On July 25, 2017, Lisa Blair became the first woman to sail solo and unassisted around Antarctica — with one stop.
She set out in January 2017 with the intention of completing the circumnavigation without stopping. But 72 days into the voyage Blair’s Hick 50, Climate Action Now was dismasted after a shroud snapped.
Blair, a skilled offshore sailor, was lucky to survive In the dead of night in horrendous hyperthermic conditions. She then set up a jury rig and sailed to Cape Town, South Africa, where the boat was repaired, allowing her to continue her journey.
Almost five years later, the 38-year-old Queensland-born sailor is off again. On Monday, Blair left Albany, WA, to finish what she started in 2017.
To break the record, Blair must beat Russian explorer and adventurer, Fedor Konyukhov’s time of 102 days.
Climate Action Now is up to the challenge. Last year, it underwent a complete re-fit at Queensland’s Rivergate Marina. Blair detailed the upgrades for a recent My Sailing article: https://www.mysailing.com.au/lisa-blair-unpacks-lessons-learnt-from-dismasting/
A crowd waved her off from Albany Waterfront Marina around midday (Australian Western Standard Time). While border restrictions prevented many family members and friends from attending the event, they were able to watch via Blair’s Facebook and Instagram livestreams.
Shortly after 1pm (AWST), Blair hoisted the mainsail, with a new pedestal grinding system, in choppy conditions and north-easterly winds up to 20 knots.
In conjunction with the Clean Ocean Foundation (COF), during the record attempt Blair will collect valuable data in the Southern Ocean such as water temperature, carbon dioxide levels and salinity levels. That information will then be used by scientists to better understand the impacts of climate change on the Southern Ocean.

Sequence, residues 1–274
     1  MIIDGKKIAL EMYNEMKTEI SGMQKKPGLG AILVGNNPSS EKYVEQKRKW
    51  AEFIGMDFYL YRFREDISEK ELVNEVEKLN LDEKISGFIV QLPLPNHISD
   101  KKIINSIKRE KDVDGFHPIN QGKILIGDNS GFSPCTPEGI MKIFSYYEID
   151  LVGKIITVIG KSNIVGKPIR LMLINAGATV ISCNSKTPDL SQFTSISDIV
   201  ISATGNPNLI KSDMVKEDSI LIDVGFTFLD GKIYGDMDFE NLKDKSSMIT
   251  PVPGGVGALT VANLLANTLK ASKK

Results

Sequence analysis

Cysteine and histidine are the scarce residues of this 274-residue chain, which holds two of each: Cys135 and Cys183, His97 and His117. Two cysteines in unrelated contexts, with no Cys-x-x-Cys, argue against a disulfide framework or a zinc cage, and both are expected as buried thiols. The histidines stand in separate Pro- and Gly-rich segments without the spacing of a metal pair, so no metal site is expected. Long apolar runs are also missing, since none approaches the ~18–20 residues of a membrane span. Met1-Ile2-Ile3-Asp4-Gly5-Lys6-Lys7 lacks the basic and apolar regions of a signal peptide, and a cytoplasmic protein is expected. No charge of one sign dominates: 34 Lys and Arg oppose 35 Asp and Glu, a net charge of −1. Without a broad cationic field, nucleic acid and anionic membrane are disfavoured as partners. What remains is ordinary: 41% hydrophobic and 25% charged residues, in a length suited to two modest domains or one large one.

“I’m pretty excited about the whole thing,” Blair said on the livestream.
Blair also reached out to potential sponsors whose donations will help cover the cost of the re-fit and scientific equipment on board. In an interview with My Sailing earlier this year, Blair said: “It’s a unique opportunity for people to become a part of the record. Anyone can become part of this story and contribute to the world record and contribute to the fact that I‘m able to take this science and do what I‘m doing in a really impactful way.”
The record attempt officially started once she crossed the start line between Breaksea Island and the lookout on the headland by Albany.
As Blair headed towards the start line, she waved to the crowd. “See you in three months!”
You can follow Lisa Blair’s voyage:
Check My Sailing for Blair’s blog posts.
Track Lisa Blair’s position on her website – https://lisablairsailstheworld.com/
To sponsor Lisa Blair, see – https://lisablairsailstheworld.com/sponsors
Lisa Blair’s Facebook page – https://www.facebook.com/LisaBlairSailstheWorld
By Greta Quealy